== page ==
12th Nov 2019

Van Rompuy takes centre stage at EU-Russia summit

  • Mr Medvedev (l), Mr Barroso (c) and Mr Van Rompuy (r) pose for pictures ahead of the Rostov talks (Photo: consilium.europa.eu)

EU Council President Herman Van Rompuy on Tuesday (1 June) reprimanded Russia over human rights abuses in a reminder of his powerful mandate on EU foreign policy.

Sitting next to Russia's President Dmitry Medvedev at a press conference following a bilateral summit in Rostov-on-Don, the mild-mannered Belgian, who has in the past referred to himself as a "grey mouse," spoke out on the sensitive subject of murdered journalists and rights campaigners.

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"The situation for human rights defenders and journalists in Russia is of great concern to the European public at large. Another matter of concern, which I noted was shared by President Medvedev, is the climate of impunity, in particular in Chechnya and other areas of the North Caucasus," he said.

He added that Russia needs to "avoid protectionism" in trade matters if a new scheme to get EU companies involved in modernising its petro-based economy is to bear fruit.

He also pointed to Russia's violation of a 2008 deal to pull back its troops in Georgia to pre-conflict lines, saying: "We would like to see a more constructive role played by Russia [in neighbouring countries], including the implementation all its earlier commitments, especially with regard to Georgia."

The speech left European Commission President Jose Manuel Barroso, a veteran of EU-Russia summits, in the shade, with the EU executive chief limited to talking about more technical economic issues. The EU's "high representative" on foreign relations, Catherine Ashton, who was also present at Rostov-on-Don, said nothing.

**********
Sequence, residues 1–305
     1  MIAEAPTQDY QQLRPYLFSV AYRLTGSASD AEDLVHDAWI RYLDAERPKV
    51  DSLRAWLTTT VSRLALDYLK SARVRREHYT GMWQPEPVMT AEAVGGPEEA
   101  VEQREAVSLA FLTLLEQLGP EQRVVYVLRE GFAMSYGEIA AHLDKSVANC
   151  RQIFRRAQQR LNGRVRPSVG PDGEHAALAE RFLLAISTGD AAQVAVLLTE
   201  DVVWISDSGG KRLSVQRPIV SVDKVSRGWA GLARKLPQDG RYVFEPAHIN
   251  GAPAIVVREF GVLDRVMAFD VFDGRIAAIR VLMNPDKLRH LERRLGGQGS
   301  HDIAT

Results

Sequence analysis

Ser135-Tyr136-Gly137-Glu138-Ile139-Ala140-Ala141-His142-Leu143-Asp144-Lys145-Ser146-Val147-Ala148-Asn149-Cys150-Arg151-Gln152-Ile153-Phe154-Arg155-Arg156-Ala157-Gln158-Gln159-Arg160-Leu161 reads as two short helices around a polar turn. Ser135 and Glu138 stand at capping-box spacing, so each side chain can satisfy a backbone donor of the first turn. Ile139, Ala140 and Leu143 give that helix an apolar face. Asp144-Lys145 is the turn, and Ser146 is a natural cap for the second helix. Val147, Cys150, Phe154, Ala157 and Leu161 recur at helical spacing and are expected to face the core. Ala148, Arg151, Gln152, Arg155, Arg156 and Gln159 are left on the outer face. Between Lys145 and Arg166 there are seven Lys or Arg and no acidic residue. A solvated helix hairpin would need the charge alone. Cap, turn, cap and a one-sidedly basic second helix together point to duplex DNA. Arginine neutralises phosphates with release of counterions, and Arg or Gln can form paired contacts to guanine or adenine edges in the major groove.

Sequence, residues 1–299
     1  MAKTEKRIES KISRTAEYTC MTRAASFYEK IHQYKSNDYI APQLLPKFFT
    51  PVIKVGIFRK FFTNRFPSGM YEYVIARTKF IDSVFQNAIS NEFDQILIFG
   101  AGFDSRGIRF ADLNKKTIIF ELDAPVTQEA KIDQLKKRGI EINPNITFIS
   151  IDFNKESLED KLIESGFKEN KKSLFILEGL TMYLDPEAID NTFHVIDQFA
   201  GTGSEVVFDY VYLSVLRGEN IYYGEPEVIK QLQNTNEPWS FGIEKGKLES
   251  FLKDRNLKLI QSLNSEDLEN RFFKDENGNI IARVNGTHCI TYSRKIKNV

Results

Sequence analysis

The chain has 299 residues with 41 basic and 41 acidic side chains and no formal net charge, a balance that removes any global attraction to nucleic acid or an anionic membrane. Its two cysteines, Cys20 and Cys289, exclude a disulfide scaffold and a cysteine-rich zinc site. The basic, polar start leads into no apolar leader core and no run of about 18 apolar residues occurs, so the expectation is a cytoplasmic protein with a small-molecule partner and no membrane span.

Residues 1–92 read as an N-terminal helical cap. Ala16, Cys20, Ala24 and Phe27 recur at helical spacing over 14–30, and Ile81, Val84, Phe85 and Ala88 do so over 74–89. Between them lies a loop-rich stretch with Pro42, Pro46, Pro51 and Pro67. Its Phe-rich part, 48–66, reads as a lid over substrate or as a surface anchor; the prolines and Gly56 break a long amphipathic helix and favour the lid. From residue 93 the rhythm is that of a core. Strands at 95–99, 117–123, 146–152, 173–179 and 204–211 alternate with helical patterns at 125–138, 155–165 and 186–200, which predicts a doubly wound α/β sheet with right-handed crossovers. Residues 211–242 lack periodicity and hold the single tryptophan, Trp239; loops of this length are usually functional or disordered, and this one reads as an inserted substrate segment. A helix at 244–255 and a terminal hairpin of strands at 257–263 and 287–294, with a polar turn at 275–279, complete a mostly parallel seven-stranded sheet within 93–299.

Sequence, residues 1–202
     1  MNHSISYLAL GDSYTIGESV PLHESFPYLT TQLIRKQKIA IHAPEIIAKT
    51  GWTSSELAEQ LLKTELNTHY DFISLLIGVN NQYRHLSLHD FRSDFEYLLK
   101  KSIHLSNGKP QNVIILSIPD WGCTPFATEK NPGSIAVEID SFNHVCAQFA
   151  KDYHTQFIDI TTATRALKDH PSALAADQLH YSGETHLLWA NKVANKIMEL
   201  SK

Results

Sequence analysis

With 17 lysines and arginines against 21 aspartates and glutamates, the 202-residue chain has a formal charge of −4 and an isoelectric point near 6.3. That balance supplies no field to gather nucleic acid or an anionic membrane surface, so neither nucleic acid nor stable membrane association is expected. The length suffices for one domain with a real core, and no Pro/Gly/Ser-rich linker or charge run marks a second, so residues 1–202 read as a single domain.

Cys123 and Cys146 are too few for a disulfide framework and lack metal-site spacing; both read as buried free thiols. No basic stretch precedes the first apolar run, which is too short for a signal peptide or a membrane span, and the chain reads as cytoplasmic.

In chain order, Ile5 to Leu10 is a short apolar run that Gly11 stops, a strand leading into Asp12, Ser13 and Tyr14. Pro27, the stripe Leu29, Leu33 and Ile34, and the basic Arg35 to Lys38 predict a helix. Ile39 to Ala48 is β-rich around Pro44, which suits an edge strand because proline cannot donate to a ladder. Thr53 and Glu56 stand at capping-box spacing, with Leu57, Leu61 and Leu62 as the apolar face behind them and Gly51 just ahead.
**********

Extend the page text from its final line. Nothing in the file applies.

An EU official explained that Mr Van Rompuy is the EU's number one representative in protocol terms, with Ms Ashton's Russian counterpart being foreign minister Sergei Lavrov.

Under the Lisbon Treaty Mr Van Rompuy's primary role is to "chair" and "drive forward" internal meetings of EU leaders. But he is also to "ensure the external representation of the union," albeit "without prejudice" to Ms Ashton.

For his part, Mr Medvedev ignored the niceties of EU terminology, which describes the Belgian politician as "President of the European Council," and welcomed him instead as the "head of the European Union."

The summit saw the two sides launch a new "Partnership for Modernisation."

The initiative is short on detail for the time being, with co-ordinators from both sides to develop a "work plan" in the coming months. But the text agreed at the summit puts more weight on EU concerns on promotion of rule of law and civil society than Russia's ambition to get high-tech EU companies to share know-how with Russian firms with no strings attached.

Mr Medvedev made EU-friendly noises on the partnership, saying it will help improve energy efficiency and environmental standards in Russia.

He also indicated that Russia will join the World Trade Organisation separately from Belarus and Kazakhstan if the trio's planned customs union stands in the way of speedy membership in the free-market club.

The Russian President took the familiar line that former-Communist EU countries stand in the way of an EU-Russia visa-free travel deal for historical reasons.

"For us, there are no problems, we are ready to do it [drop visa requirements for EU citizens] as soon as tomorrow," he said. "There are some specific and separate positions of EU member states I believe. This is linked with our history, not with our real situation," he added.

Inside the EU, Poland has said it wants the union to give a visa-free promise to post-Soviet countries such as Ukraine at the same time as Russia. Russia's ally, Germany, also stands opposed to lifting travel barriers due to fears over irregular immigration, however.

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